Don’t Blame the Kids

By Linda Stein

After 19 years as a professional dog trainer, certain problems with dogs and kids occur again and again. The dog that was purchased to give the children the joy of a “best friend” to cuddle, confide in and comfort and care for turns into a source of family stress. Puppies grab at fingers and toes and grow into dogs that jump and pull on the leash. What started out as a positive family project evolves into tension as the dog gets into trouble that neither the parents nor the children know the correct method of training. Busy parents start resenting the cost of replacing items and children get blamed for “overstimulating” the dog when they are merely acting their age. “If you didn’t run about so, the dog wouldn’t grab your ankles” a frustrated parent will exclaim as the children shriek, then jump on the good furniture to get away from the dog’s “frolicking”. 5 year olds and their friends will forever run around the house and leave toys on the floor no matter what you say (That’s the joy of being 5!!). However, the dog can be taught quickly to accommodate to that behavior without pouncing or grabbing the items. Parents should know that simple training techniques can alleviate these tense moments within a week’s time without constant practice. Remember kids take 18 years to train….dogs only a week!

Dogs as young as 12 weeks can be taught not to jump or chew, to keep clean in the house, to walk nicely on a leash with youngsters, and to listen on the first command without shouting, repeating or bribing. Sphincter control for 3 month old puppies is as long as 8 hours. They can learn to be trustworthy in the house by themselves and in to stay in the yard off leash as the family barbecues, plays ball or lounges in the pool. That is the picture people have in their minds as they purchase a dog from a breeder, pet store or humane society. But as puppies mature, some start to take over the family pack and become more dominant with each passing day. Soon they end up tied to a tree outdoors or confined permanently to a cage indoors. This only happens because of lack of information. Dog training books and videos are often helpful, but they also seem to contradict one another and dog owners get confused when their dog doesn’t do what the dog in the video did. Guilt and frustration and anger result.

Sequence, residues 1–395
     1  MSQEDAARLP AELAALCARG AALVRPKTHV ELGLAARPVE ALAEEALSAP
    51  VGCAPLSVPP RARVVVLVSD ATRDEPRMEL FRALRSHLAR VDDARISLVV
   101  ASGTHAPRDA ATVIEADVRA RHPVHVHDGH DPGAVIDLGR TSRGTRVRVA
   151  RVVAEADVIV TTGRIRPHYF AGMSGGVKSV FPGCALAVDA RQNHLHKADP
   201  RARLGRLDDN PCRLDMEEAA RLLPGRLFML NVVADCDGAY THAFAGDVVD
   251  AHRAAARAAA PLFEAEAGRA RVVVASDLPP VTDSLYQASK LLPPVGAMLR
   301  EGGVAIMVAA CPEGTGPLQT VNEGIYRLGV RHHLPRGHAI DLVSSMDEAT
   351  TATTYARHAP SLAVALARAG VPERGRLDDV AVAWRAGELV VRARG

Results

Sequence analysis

Housebreaking often becomes a bone of contention between dogs, children and parents. The parent turns the “dog walking” chore over to the children to teach a sense of responsibility to the children. They remember their child’s sincere teary eyed promises: “Mom, if you get me a dog, I’ll walk him everyday, honest!!! Believe it or not the kids really meant it when they said it, but, of course, they didn’t imagine a pulling dragging dog. They end up feeling scared that the dog will pull them down, or run away and get hurt. It’s also terribly frustrated when they are outside for 30 minutes the dog doesn’t relieve himself, comes in and does it in the house, and the child is the one who gets punished. . Try to imagine a child’s feelings when the dog messes in the house after they tried to walk him. Everyone is upset and the 10 year old feels responsible. Is it really fair to expect the John or Chrissy to walk a dog that pulls and drags them , lollygoggles before taking care of business and still make the school bus? This is unforeseen pressure to put on a child, and sometimes even dangerous. Once the parents get adequate professional advice about handling the uncontrollable dog, they can remedy the walking problems. Then, they can confidently teach their child in a short time, who can then feel secure and confident about the dog walking responsibility. This builds trust between parents and kids and indeed teaches the lesson to kids we set out to teach when getting them a pet. Taking care of a living being takes knowledge and love, not a random upsetting approach.

Some dogs, like some children, are born easy to raise. They are very compliant and things go smoothly from the very beginning. But I have noticed that by 4 1/2 months if things are getting worse with a puppy, it is time to seek help because they are probably not “going to grow out of the behavior problems” without specific training advice. It may be well worth it to keep the family heirlooms safe, the hectic family schedule more sane and the whole dog experience a joy it was meant to be.